An evaluation of a shallow groundwater flow regime near Taber, Alberta

Ronald Gordon Burnett
1981
The Shimbashi site of the Taber Irrigation Return Flow study occupies a 28 square-kilometer agricultural environment in southern Alberta. The site is situated in a bend of the Oldman River and therefore is encompassed by the river on 3 sides. Various types of existing and field-generated geologic, geophysical, and hydrologic data were employed to fully evaluate the groundwater flow regime of the study site. Mathematical modelling was carried out to analyse the long-term effects of fertilization
more » ... ts of fertilization on the groundwater and river water quality. Bedrock of the Foremost Formation subcrops throughout the whole of the Shimbashi study site. This is overlain by 3 to 10 meters of Saskatchewan gravel and sand. The Saskatchewan gravels are covered by approximately 40 meters of glacial deposits consisting of till and outwash sands. The water table over the site generally slopes down towards the river valley wall as a subdued reflection of the topography. A channel in the surface outwash sands in the northern part of the site causes a local depression in the Water table. Another larger depression occurs to the south and is caused by a channel of outwash sands buried by till. There are two main routes the groundwater can travel to the river. Much of the groundwater entering the river has moved through the outwash sands that cover the north half of the site. Water infiltrating the tills, which underly the outwash sands and which occur at the surface in the south, moves essentially vertically downward into the Saskatchewan gravels and sand. Once in the gravels the water flows into the river. Mathematical modelling indicates that nitrates are already entering the river in limited amounts. Fertilization of lowland areas near the river results in the introduction of nitrates into the river within 3 years. Contaminated water in the suraface sands is also entering the river. Nitrate concentrations in this water will remain low unless additional acreage comes under irrigation. Nitrates that move through the till will not reach the rive [...]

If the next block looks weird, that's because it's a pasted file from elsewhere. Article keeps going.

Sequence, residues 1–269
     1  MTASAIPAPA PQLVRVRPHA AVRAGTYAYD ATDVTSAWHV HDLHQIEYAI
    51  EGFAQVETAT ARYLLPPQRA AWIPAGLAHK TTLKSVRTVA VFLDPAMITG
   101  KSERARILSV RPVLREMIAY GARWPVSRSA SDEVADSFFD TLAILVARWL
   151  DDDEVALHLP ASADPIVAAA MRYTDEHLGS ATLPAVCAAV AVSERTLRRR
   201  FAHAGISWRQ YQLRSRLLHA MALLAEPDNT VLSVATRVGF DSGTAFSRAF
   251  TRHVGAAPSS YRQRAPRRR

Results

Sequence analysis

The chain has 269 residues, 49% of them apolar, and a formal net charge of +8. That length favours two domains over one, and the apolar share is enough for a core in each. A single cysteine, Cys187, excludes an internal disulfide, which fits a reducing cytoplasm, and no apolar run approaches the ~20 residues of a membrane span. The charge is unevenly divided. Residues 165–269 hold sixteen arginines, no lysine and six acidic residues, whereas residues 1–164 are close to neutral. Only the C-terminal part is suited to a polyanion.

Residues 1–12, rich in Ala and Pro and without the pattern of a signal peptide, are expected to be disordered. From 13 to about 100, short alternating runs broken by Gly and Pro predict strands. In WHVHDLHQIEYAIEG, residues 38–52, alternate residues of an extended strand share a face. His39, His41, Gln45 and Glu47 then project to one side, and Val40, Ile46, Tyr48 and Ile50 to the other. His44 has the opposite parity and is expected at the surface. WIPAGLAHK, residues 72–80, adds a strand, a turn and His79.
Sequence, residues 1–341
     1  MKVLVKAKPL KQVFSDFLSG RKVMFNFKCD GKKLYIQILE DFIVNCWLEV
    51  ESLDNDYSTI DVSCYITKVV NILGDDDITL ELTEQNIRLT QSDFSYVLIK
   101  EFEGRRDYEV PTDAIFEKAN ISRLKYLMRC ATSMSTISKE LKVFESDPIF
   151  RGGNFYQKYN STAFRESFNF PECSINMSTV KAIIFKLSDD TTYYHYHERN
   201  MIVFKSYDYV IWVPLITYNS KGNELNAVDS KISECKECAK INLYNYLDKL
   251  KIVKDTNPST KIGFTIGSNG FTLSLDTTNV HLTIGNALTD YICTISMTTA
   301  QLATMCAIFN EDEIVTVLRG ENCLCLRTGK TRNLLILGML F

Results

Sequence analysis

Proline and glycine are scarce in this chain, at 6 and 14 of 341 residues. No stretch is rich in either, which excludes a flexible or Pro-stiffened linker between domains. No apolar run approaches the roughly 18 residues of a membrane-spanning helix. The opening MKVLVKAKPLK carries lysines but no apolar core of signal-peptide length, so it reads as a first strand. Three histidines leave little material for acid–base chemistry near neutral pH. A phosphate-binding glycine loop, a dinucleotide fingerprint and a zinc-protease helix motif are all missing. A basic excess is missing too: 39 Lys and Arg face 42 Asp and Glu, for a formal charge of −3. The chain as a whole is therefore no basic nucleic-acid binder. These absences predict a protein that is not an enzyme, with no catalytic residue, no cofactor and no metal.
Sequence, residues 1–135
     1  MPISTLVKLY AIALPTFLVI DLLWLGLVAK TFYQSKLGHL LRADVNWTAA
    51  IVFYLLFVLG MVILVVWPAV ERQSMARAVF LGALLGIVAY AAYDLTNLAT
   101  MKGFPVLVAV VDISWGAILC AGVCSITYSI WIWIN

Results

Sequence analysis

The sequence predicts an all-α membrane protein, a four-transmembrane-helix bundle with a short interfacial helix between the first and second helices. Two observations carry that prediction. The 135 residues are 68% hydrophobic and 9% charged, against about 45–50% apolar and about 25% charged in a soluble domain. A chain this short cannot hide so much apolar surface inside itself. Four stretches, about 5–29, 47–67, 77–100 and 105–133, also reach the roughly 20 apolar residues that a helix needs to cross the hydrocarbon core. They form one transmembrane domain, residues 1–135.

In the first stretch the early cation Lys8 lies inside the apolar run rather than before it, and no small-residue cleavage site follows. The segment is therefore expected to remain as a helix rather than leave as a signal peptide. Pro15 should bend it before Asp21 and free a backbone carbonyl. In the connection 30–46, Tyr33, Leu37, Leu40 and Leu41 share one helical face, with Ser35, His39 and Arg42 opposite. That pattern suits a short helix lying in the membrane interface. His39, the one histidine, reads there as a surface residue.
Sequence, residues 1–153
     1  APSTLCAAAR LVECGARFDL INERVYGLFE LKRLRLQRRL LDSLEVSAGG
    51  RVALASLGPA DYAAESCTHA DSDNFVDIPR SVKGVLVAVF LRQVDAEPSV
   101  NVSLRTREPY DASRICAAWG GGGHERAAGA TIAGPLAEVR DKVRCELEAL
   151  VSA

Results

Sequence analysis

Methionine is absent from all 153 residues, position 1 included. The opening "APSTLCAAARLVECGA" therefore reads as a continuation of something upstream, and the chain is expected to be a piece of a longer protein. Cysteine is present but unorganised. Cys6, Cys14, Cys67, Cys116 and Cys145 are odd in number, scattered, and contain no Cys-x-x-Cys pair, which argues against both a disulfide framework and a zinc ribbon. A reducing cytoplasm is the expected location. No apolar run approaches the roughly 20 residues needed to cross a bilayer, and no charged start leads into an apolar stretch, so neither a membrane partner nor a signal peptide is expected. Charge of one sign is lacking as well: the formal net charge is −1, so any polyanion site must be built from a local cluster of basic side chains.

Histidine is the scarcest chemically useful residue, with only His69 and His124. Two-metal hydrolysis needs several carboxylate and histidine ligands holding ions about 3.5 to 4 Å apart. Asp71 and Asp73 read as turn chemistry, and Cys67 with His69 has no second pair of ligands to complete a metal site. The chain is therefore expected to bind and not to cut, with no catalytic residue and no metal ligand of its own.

doi:10.14288/1.0052866 fatcat:aykjc2jrcrh7rfkjwdsrsk45ja